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The Anubis Gates by Tim Powers

The Anubis Gates (1983)

by Tim Powers

Other authors: See the other authors section.

Series: The Anubis Gates (1)

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3,1671002,651 (3.96)1 / 306
Recently added bymartosaitor, AlainCipit, lproven, googoomuck, fernald, Serpyke, JeffV, private library, lycra_bustier, NormalMostly
Legacy LibrariesTim Spalding
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English (97)  Catalan (1)  German (1)  Spanish (1)  All languages (100)
Showing 1-5 of 97 (next | show all)
Time travel, body swapping, Ancient Egyptian blood magic, lycanthropy, mutant beings in the sewers of early 19th C London, and a meeting with Coleridge. Yep, it was Tim Powers time again, and a reread of his classic THE ANUBIS GATES.

The Powers imagination is on full throttle in this one right from the start, and it's a wild ride through the aforementioned tropes, with Powers jugging a variety of characters, plots, sub-plots and timelines in a riotously entertaining romp.

He keeps everything just on the cusp of falling apart into incoherence, driving set piece after set piece at you until you give in, go with the flow and get carried along by the sheer manic exuberance of the thing.

It's a wonderful feat of imagination, a wonderful bit of writing and, in the Zeisling Press hardcover I've got, a wonderfully presented package all round, with an intro by Ramsey Campbel for good measure.

It's a favorite thing of mine, and one I recommend to everyone who asks what I think they should read. So, go and read it if you haven't. It's truly magical.

( )
1 vote williemeikle | Dec 22, 2018 |
He disfrutado de Las puertas de Anubis, pero me costó un buen puñado de páginas entrar en la historia. Llega un punto en el que es trepidante y necesitas saber más, me encantan los personajes... Pero hay momentos que caen en picado para volver a remontar. Quizás os parece poco ponerle tres estrellas a esta novela, pero sería un... 6/10 en realidad, con momentos de cuatro estrellas sin duda. ( )
  Carla_Plumed | Dec 3, 2018 |
The Anubis Gates offers a complicated time travel story with Weird infusions of body-switching and Victorian demimonde hustle. Powers combines intricate plotting with arcane cultural history, the resulting story amounting to a juggernaut conspiracy-cum-secret history of Western civilisation (at least, through 1983). The resulting read is a romp, with action and memorable characters galore: this in itself is enough to commend another Powers novel when the mood hits. (Declare especially looks promising). My overall experience, however, was more than just a fun diversion: detailed morsels from history were the reason, with Powers as wide-ranging in his selection as he is meticulous in his excavation.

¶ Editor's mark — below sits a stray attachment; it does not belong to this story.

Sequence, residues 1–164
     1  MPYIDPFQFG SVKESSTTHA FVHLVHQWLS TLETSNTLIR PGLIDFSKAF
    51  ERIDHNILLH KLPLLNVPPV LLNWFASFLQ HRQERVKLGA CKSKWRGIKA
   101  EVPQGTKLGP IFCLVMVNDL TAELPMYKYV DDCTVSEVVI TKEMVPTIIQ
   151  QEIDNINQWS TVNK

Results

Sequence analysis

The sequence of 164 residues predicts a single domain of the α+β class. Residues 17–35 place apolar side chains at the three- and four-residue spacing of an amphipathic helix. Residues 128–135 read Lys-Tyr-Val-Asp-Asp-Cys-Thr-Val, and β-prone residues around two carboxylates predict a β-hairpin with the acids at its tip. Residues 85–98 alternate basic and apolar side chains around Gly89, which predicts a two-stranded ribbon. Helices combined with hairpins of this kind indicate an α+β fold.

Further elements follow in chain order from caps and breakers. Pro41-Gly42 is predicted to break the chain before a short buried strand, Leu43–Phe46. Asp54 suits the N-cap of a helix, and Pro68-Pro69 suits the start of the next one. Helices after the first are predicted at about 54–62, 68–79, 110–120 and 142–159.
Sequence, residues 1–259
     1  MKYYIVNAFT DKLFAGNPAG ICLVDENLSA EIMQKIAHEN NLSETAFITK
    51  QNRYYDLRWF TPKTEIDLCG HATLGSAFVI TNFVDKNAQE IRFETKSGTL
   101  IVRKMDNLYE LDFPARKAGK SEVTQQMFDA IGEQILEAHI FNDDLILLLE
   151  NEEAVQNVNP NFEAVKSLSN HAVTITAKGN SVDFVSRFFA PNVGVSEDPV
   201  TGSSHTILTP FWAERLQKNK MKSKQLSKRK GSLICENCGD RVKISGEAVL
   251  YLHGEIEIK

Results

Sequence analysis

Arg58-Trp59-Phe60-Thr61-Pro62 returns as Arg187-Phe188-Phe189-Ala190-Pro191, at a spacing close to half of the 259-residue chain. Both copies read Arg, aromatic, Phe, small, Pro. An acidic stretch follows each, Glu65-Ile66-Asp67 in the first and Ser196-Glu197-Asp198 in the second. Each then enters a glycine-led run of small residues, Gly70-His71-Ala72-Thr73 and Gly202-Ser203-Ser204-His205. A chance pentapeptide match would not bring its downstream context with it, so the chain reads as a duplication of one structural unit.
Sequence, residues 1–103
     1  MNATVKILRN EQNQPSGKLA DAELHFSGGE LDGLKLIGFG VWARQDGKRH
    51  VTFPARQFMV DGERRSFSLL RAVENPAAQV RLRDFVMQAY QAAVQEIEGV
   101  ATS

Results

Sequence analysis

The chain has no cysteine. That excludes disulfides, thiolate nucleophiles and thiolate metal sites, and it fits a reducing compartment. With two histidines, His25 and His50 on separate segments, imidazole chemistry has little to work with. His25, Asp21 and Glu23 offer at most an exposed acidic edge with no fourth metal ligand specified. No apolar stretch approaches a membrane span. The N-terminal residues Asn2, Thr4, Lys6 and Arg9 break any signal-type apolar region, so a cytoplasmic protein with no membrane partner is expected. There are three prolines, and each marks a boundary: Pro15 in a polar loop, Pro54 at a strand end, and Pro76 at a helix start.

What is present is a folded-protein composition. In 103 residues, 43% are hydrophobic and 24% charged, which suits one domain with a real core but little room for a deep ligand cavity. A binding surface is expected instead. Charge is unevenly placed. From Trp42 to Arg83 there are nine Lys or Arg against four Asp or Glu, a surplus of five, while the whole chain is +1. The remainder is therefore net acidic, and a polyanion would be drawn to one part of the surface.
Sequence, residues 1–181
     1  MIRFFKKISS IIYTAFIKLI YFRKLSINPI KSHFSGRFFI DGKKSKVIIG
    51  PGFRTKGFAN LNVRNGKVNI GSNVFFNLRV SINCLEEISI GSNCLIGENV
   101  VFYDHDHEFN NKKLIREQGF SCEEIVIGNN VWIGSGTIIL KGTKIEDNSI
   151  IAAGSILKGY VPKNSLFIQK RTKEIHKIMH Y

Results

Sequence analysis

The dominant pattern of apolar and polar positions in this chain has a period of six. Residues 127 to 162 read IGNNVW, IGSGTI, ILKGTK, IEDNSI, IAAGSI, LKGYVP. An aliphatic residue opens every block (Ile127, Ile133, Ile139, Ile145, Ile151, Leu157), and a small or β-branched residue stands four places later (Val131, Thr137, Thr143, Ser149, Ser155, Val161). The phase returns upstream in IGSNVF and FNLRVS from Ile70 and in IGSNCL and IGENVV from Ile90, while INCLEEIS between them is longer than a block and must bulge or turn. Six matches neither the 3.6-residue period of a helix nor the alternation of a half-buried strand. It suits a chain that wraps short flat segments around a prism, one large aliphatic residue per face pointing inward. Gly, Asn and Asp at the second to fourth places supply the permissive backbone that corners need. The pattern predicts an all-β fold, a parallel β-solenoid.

The setting is primarily 1810 London with an influential strain of Egyptian magic at play, supplying the occult influence over Western civilisation. (An online check of British history suggests the London setting gives a strong Victorian vibe despite nominally being Georgian / Regency). It is interesting that two camps, each powerful in its own right, are essentially at odds with one another without direct confrontation. This arrangement allows Powers to avoid the cliche of Good versus Evil on the level of superheroes and villains, though perhaps in this case it would be Evil vs Evil, seemingly thwarted by an Everyman.

Ashbless as a fictional poet is as intriguing a creation as the story at large, as is his poem "Twelve Hours of the Night". There exists a chapbook from 1985, produced in connection with a panel presentation by Powers & J Blaylock. That said, Byron and Coleridge have brilliant cameos here, I suspect even more impressive the more familiar the reader is with their specific biographies. ( )
7 vote elenchus | Nov 9, 2018 |
Há livros assim: têm tudo para gostarmos deles e depois o amor não acontece. O “The Anubis Gates” prometia uma viagem mirabolante, e assim foi. A melhor forma de o descrever este livro será como um “Alice no País das Maravilhas” mas sem “maravilhas” e cuja “Alice” é um professor académico muito irritante que se torna no nosso herói acidental.
O conceito de “viagem no tempo” é muito interessante e a explicação deste foi provavelmente a única cena de todo o livro que gostei. Tudo o resto é confuso, bizarro e simplesmente maçador.
Ao início não percebi porque é que o livro estava a ser tão chato, só ao fim de umas 100 páginas é que cheguei à conclusão que era a escrita do autor e não as cenas em si que me aborrecia. É muito desgastante estar a meio de uma cena de acção e ter a atenção desviada para a descrição de objectos ou os lugares onde estas ocorrem. Constantemente!
Doyle deve ser, provavelmente, o herói mais chato e desinteressante de sempre. Passei mais de metade do livro a desejar-lhe a morte, para acabar de vez com o meu sofrimento. As restantes personagens são horríveis, muito além do excêntricas ou fisicamente deformadas. Um verdadeiro circo de horrores.